Janet Mawiyoo, the executive director of KCDF, gives a speech during the conference, held at Intercontinental Hotel in Nairobi [Gardy Chacha/Standard]
In the coming years, aid to Africa will reduce progressively, if the views of players in the civil society sector are anything to go by.
This emerged last week at a two-day conference attended by heads of civil society organisations as well as leaders of various corporate sectors locally and abroad.
As a result, non-profit organisations have been asked to think beyond foreign aid and come up with models that encourage local giving, leverage on investing and enhance local participation in community development activities.
The conference, titled ‘Durable Development – Shifting the Power, Building Community Resilience’, was hosted by the Kenya Community Development Foundation (KCDF).
“Organisations in Africa have to be bold enough to reject money that only brings bad development: money issued with guidelines that don’t agree with our intentions and objectives,” Janet Mawiyoo, the Executive Director of KCDF, said at the conference.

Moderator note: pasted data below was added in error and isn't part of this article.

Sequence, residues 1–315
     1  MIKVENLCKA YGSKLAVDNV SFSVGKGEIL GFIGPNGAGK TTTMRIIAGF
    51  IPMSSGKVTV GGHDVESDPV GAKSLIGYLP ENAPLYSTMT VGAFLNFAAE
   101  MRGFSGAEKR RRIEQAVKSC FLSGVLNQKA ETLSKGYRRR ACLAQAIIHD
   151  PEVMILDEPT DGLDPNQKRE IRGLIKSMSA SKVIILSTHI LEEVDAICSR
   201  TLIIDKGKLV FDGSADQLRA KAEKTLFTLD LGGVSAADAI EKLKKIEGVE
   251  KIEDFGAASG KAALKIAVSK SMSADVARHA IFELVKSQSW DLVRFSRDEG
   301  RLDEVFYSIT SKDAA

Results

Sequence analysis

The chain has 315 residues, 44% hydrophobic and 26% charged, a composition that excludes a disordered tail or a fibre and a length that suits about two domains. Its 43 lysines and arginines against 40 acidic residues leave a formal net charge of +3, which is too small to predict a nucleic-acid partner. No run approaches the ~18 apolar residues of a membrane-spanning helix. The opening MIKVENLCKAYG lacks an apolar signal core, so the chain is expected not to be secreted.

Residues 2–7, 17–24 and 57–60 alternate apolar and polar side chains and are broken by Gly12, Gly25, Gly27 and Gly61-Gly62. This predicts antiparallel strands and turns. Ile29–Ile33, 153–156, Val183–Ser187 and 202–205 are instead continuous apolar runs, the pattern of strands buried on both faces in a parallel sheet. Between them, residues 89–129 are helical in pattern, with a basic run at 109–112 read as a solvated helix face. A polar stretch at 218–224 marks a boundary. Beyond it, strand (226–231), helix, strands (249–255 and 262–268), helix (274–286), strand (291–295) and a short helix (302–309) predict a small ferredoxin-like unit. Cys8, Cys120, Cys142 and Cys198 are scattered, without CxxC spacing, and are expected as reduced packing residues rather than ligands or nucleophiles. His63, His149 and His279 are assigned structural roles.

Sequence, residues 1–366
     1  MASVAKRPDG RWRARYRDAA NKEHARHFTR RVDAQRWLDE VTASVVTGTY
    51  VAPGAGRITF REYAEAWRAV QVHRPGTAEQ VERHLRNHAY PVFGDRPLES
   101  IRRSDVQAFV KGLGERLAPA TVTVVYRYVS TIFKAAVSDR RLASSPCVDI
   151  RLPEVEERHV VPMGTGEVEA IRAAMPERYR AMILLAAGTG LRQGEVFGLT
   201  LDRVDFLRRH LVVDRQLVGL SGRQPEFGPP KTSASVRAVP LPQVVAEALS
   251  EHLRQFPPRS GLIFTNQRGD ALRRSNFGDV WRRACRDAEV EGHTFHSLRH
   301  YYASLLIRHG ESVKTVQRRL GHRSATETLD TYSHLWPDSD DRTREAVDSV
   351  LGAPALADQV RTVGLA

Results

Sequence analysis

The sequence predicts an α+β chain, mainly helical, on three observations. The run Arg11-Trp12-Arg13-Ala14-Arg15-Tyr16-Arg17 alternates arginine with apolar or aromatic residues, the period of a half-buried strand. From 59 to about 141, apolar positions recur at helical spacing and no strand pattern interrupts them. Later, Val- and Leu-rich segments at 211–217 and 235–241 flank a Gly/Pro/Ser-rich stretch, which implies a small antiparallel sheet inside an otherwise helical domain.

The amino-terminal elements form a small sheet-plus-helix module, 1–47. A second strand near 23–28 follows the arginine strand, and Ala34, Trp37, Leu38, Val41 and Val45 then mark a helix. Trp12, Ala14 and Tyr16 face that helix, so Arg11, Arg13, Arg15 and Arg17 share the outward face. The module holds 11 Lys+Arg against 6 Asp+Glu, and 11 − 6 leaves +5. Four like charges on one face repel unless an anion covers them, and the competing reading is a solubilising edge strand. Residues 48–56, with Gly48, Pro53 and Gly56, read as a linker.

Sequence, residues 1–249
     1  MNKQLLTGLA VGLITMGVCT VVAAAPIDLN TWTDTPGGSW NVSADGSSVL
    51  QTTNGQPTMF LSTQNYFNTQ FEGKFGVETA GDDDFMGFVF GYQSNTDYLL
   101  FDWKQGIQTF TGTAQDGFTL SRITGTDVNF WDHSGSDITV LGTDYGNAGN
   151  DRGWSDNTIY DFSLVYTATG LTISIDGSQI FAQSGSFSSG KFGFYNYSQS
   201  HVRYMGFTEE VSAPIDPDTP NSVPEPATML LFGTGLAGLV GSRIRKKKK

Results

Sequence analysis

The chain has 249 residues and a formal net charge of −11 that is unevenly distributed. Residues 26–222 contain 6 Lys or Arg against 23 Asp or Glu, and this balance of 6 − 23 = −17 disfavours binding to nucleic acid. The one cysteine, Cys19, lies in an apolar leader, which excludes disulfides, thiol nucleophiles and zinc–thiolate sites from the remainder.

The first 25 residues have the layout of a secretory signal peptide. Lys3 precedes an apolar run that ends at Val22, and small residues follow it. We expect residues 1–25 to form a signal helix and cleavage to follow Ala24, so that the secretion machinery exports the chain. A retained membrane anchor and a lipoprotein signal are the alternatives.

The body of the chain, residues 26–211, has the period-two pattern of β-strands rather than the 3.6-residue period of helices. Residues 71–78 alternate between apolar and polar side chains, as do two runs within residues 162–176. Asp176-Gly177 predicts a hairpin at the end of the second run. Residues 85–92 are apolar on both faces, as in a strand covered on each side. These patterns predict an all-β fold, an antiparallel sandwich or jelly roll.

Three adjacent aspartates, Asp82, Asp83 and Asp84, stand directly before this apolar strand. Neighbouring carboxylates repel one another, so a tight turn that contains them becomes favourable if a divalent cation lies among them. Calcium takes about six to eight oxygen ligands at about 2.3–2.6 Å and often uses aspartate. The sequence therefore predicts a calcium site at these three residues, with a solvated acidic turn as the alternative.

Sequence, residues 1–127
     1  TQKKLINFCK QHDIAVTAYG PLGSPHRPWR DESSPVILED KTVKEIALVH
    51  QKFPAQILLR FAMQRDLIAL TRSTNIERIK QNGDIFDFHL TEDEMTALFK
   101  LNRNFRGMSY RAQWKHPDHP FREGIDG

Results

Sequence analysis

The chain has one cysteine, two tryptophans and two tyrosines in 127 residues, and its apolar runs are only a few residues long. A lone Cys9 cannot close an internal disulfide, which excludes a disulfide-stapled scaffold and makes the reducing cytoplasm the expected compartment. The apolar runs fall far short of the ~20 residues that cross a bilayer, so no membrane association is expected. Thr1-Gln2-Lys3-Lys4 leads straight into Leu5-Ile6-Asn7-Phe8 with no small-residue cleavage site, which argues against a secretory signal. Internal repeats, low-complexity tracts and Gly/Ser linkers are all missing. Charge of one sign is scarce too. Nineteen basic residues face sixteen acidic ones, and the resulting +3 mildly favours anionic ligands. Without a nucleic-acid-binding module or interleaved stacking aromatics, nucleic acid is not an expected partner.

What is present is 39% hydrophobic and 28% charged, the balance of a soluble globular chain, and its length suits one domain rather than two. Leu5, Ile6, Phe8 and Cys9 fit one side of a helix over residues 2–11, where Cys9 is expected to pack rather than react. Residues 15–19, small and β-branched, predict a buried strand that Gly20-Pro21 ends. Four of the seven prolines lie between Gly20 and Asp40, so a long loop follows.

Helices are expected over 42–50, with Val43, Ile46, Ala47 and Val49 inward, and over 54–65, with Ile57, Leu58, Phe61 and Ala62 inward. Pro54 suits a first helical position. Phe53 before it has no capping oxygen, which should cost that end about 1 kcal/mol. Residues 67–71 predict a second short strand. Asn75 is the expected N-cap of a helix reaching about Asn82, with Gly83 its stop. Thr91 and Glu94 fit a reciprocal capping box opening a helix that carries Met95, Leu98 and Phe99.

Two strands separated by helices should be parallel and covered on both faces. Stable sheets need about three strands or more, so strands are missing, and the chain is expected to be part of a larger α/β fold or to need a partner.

She added: “What we need is for communities themselves to have the power to drive their own development agenda; not solely depend on foreign aid.”
United States president, Donald Trump, in his budget proposal made this year, seeks to cut foreign aid spending by 32 per cent. This development emerged as significant to the civil society community around the world as the United States is the most generous global aid donor in absolute terms.
“There is going to be less and less aid from rich countries. President Trump is only doing it dramatically. The fact is many countries that traditionally give aid are giving less as the years go by,” said Jenny Hodgson, the Executive Director of Global Fund for community Foundations.[Gardy chacha]